Armed In America: A History Of Gun Rights From Colonial Militias To Concealed Carry by Patrick J. CharlesArmed In America: A History Of Gun Rights From Colonial Militias To Concealed Carry by Patrick J. Charles

Armed In America: A History Of Gun Rights From Colonial Militias To Concealed Carry

byPatrick J. Charles

Hardcover | January 23, 2018

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This accessible legal history describes how the Second Amendment has been interpreted throughout most of American history and shows that today's gun-rights advocates have drastically departed from the long-held interpretation of the constitutional right to bear arms.


This illuminating study traces the transformation of the right to arms from its inception in English and colonial American law to today's impassioned gun-control debate. As historian and legal scholar Patrick J. Charles shows, what the right to arms means to Americans, as well as what it legally protects, has changed drastically since its first appearance in the 1689 Declaration of Rights.

Armed in America
explores how and why the right to arms transformed at different points in history. The right was initially meant to serve as a parliamentary right of resistance, yet by the ratification of the Second Amendment in 1791 the right had become indispensably intertwined with civic republicanism. As the United States progressed into the 19th century the right continued to change--this time away from civic republicanism and towards the individual-right understanding that is known today, albeit with the important caveat that the right could be severely restricted by the government's police power.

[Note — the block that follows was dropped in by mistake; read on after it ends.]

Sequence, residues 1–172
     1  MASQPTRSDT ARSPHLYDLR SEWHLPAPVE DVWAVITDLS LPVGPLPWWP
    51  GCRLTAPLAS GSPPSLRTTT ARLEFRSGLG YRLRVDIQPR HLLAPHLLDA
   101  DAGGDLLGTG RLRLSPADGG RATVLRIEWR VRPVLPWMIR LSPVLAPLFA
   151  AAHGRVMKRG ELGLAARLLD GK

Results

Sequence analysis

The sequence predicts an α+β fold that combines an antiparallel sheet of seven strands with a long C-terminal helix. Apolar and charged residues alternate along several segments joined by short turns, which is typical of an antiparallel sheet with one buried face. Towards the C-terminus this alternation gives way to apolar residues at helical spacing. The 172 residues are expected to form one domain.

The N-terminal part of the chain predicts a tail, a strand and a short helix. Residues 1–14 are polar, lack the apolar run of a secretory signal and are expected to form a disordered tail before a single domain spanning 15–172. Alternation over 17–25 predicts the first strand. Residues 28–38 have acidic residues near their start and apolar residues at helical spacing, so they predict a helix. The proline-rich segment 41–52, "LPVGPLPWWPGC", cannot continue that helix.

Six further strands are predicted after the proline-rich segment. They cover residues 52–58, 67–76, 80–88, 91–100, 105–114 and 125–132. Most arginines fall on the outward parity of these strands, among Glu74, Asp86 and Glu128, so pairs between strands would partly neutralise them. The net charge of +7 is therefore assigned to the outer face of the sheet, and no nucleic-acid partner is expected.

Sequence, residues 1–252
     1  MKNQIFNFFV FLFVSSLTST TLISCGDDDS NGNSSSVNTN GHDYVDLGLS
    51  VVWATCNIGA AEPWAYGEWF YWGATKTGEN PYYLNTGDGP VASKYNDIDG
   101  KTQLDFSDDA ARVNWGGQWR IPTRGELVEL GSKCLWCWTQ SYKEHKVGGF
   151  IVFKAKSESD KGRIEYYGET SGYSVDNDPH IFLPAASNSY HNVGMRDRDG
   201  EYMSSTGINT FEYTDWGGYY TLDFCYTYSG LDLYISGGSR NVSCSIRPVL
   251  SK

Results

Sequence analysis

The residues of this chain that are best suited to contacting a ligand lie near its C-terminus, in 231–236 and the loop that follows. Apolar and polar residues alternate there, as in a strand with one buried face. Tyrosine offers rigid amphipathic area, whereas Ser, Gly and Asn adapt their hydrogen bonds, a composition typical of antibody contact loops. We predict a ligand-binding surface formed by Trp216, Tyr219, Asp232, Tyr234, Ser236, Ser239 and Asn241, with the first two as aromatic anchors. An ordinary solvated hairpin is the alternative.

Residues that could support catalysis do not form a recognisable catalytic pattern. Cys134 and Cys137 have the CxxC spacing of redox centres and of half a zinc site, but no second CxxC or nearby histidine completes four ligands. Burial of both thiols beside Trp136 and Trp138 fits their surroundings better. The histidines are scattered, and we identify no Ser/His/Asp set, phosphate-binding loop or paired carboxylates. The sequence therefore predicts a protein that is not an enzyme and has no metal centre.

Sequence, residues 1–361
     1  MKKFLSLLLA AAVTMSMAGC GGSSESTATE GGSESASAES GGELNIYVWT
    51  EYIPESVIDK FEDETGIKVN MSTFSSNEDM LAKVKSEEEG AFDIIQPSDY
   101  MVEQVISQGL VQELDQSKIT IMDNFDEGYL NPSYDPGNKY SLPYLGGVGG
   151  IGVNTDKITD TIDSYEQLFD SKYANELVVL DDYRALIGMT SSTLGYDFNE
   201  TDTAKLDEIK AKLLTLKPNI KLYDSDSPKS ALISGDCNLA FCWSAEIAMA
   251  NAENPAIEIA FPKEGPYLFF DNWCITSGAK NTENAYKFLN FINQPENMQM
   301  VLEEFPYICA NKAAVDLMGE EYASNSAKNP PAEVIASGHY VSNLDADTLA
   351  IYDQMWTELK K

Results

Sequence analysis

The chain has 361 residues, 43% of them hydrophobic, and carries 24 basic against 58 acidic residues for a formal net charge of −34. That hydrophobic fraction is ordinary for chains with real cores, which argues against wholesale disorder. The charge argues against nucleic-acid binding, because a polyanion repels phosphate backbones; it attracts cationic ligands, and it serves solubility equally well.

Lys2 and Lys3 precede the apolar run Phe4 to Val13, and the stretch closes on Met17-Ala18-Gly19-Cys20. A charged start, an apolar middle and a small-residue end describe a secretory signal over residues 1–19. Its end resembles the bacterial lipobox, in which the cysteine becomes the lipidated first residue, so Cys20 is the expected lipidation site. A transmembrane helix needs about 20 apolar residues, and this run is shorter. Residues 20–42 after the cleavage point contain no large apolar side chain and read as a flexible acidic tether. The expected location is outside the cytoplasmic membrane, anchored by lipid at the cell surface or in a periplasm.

Throughout the 20th century this understanding of the right remained the predominant view. But working behind the scenes was the beginnings of the gun-rights movement--a movement that was started in the early 20th century through the collective efforts of sporting magazine editors and was eventually commandeered by the National Rifle Association to become the gun-rights movement known today.

Readers looking to sort through the shrill rhetoric surrounding the current gun debate and arrive at an informed understanding of the legal and historical development of the right to arms will find this book to be an invaluable resource.
Patrick J. Charles is the author of Historicism, Originalism and the Constitution: The Use and Abuse of History in American Jurisprudence and The Second Amendment: The Intent and Its Interpretation by the States and the Supreme Court as well as numerous articles in law journals. His writings on the history of the Second Amendment have ...
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Title:Armed In America: A History Of Gun Rights From Colonial Militias To Concealed CarryFormat:HardcoverDimensions:555 pages, 9.27 × 6.37 × 1.66 inPublished:January 23, 2018Publisher:Prometheus BooksLanguage:English

The following ISBNs are associated with this title:

ISBN - 10:1633883132

ISBN - 13:9781633883130